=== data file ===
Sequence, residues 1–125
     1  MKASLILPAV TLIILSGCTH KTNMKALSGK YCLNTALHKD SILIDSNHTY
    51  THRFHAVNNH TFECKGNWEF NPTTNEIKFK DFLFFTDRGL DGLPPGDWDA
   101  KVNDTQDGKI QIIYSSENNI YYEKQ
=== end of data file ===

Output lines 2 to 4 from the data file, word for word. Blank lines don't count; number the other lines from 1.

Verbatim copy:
     1  MKASLILPAV TLIILSGCTH KTNMKALSGK YCLNTALHKD SILIDSNHTY
    51  THRFHAVNNH TFECKGNWEF NPTTNEIKFK DFLFFTDRGL DGLPPGDWDA
   101  KVNDTQDGKI QIIYSSENNI YYEKQ